Fumeur barbu
Fumeur barbu (Bloch 1170)

1964 (August 27, Mougins)

Sugarlift aquatint with etching printed in color à la poupée on Auvergne Richard de Bas laid with Richard de Bas watermark
One of fifteen artist's proofs, outside the edition of 50
Signed by the artist in pencil, lower right
Annotated “epreuve d'artiste” in pencil, lower left
Dated in plate in reverse, upper right
Inscribed “146462” in pencil, upper left verso
Printed by Pennequin for Crommelynck, 1964-65
Published by Galerie Louise Leiris, 1965
Image: 16 1/4 x 12 1/2 inches
Sheet: 22 1/8 x 15 7/8 inches
Framed: 28 1/16 x 23 1/16 inches
(Bloch 1170) (Baer 1170.B.b.)

In the summer of 1964, Picasso created the Fumeurs (Smokers), a series of thirteen sugar-lift aquatints of a young man wearing a sailor’s striped shirt with a cigarette in his mouth—each of them conveys a different mood, from jaunty to defiant. They are executed in broad brushstrokes and printed in a vibrant palette à la poupée (each color is applied and wiped separately, printed in one pass through the press with one plate). The images are playful, but also project an image of cool masculinity in a time when smoking was still considered glamorous.

 

The Fumeurs have traditionally been understood to be self-portraits of a kind: Picasso was a smoker himself and one of his favorite things to wear was the traditional striped shirt of the French Marines. After World War II, Picasso’s reputation spread internationally and this garment became closely associated with the artist in the public’s mind. He wore in a number of photo essays featured in Life magazine during the 1960s with (now iconic) photographs by David Douglas Duncan.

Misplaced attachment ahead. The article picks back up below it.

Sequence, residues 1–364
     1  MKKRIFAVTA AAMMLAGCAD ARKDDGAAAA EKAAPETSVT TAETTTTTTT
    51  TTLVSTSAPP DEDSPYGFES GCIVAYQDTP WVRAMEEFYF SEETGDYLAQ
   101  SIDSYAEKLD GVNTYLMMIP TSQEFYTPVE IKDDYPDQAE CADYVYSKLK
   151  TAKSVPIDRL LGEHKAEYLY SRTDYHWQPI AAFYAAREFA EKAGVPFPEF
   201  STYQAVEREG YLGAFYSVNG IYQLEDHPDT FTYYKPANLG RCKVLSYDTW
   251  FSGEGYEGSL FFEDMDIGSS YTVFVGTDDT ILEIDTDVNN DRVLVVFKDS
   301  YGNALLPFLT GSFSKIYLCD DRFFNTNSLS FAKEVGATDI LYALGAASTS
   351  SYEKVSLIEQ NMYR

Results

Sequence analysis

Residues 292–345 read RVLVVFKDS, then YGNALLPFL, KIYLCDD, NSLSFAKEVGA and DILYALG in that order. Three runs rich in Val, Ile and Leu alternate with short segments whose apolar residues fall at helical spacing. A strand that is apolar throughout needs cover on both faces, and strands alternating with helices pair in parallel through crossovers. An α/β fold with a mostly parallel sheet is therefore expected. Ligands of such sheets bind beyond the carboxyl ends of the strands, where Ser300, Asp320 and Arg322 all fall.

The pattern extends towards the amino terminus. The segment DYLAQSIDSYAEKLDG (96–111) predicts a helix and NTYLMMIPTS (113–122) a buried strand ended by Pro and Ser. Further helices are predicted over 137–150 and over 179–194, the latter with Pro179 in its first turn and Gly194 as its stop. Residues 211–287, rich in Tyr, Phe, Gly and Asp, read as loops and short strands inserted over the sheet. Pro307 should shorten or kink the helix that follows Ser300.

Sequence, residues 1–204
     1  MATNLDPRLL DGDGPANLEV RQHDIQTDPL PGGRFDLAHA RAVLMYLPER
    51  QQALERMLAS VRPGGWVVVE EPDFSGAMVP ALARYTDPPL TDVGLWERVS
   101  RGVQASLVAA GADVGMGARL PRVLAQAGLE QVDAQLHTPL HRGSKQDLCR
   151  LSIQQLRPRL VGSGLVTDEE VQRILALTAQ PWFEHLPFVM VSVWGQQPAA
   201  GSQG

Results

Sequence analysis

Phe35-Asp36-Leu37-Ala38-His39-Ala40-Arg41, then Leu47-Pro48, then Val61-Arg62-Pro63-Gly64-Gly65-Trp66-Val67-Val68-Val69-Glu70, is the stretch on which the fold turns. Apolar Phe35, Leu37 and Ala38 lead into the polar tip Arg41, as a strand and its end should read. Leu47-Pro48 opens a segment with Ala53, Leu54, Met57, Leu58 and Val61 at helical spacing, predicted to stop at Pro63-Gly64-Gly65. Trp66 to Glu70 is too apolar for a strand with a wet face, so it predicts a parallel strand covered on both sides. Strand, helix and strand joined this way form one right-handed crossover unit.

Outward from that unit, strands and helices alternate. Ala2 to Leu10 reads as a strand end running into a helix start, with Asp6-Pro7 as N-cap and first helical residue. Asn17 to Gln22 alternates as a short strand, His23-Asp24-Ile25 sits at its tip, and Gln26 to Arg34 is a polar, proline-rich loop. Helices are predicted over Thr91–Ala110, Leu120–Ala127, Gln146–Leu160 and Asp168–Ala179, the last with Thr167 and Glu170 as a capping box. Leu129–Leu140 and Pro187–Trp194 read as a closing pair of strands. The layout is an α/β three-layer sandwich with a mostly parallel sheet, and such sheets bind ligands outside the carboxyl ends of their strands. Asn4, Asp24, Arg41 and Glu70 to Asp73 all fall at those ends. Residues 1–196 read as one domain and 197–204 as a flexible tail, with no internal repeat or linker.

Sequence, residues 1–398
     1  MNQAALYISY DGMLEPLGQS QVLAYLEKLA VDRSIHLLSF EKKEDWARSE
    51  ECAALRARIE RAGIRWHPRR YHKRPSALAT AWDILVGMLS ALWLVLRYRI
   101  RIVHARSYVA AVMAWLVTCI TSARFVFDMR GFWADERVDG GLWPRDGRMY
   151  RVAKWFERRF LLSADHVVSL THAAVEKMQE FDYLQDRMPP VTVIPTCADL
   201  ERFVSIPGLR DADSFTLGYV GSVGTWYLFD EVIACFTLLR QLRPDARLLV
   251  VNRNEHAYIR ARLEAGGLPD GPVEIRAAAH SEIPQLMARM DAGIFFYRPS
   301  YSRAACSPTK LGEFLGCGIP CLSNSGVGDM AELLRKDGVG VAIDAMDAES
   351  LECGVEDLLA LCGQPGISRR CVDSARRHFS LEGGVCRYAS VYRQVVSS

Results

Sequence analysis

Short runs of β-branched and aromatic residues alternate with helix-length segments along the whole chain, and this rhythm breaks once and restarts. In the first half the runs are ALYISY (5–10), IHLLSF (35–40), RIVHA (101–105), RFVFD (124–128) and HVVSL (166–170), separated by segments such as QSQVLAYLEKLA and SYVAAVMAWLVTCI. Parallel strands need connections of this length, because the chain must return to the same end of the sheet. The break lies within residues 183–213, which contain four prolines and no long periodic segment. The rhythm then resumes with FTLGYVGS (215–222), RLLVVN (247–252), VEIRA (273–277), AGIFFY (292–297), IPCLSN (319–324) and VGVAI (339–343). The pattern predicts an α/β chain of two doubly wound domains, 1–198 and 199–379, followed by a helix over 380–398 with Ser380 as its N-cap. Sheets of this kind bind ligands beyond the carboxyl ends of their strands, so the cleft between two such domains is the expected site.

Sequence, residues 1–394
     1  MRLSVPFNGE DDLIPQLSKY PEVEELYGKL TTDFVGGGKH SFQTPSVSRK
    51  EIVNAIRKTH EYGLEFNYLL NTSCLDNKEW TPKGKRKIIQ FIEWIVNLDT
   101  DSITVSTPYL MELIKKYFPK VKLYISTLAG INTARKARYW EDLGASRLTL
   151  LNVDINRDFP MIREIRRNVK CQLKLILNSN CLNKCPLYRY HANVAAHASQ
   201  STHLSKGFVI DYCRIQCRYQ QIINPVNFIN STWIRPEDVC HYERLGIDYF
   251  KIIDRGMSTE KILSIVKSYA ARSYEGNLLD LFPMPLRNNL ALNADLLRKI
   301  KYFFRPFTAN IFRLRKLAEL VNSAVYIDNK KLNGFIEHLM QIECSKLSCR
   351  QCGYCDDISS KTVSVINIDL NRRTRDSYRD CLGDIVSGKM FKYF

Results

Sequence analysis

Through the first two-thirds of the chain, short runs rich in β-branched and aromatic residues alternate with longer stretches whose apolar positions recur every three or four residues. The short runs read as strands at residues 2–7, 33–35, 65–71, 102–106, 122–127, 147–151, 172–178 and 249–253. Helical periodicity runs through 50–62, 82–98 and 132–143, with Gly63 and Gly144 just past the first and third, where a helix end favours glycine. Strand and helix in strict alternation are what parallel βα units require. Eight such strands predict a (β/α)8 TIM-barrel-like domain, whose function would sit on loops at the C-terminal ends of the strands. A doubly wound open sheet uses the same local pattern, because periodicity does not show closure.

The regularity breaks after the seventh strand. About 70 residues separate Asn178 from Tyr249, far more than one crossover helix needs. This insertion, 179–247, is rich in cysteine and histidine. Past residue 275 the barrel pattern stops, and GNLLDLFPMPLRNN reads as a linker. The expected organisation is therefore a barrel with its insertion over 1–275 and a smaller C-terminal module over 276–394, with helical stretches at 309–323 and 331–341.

If the Fumeurs represent Picasso himself, they are certainly idealized and somewhat fanciful. The man depicted is much younger than the artist, who was in his eighties at this point. Picasso had previously represented himself as a young sailor in a striped shirt in the Blind Minotaur etchings of 1934 from the Suite Vollard, but those were created in middle age and the young sailor seems to symbolize himself in a more literal way at an earlier point in life. Here, the vigorous youth—who is the sole subject of the image—appears to be a form of wish fulfillment. According to Françoise Gilot, Picasso’s lover from 1945-53, he frequently proclaimed, "I'd give anything to be twenty years younger".i

 

The Fumeurs were executed using the sugar-lift aquatint* technique, which had become a special purview of the artist at this point. He had mastered this challenging approach to intaglio etching nearly three decades prior in his famous series of animal etchings Eaux-fortes originals pour les texts de Buffon and expanded upon his skill with increasingly ambitious projects in the ensuing decades. In 1964, he had been living in the French Riviera for over a decade and rarely visited Paris. Due to the fact that his intaglio printers, Roger Lacourière and Jacques Frélaut, were in the capital, he made relatively few etchings in this period and his printmaking activity was focused primarily on making linocuts with Hidalgo Arnéra in Vallauris. This changed in 1963 when Aldo Crommelynck, a Parisian intaglio printer who had worked with Picasso in the Lacourière studio in the late 1940s and early ‘50s, established a satellite workshop in Mougins not far from Picasso’s home. Crommelynck became Picasso’s primary printer for the last decade of the artist’s life—he abandoned working in both linocut and lithography for the most part, instead focusing on intaglio. The Fumeurs show the artist regaining full stride in the medium after a long hiatus.

 

*Sugar-lift aquatint: to create a sugar-lift, the artist paints on the copper plate with specially prepared sugar syrup that is allowed to dry. The plate is then coated with varnish or hard-ground and placed in a water bath. The sugar solution underneath dissolves and “lifts” the varnish or hard-ground, leaving the painted areas exposed. The plate is then put through the process of aquatint: it is dusted with rosin powder that is baked to the surface, and then etched to varying depths according to the desires of the artist; a full range of tones is possible.

 

 

i Gilot and Carleton Lake, Life with Picasso [London: Virago Press, 1990 - reprint of 1964 McGraw-Hill edition], 325.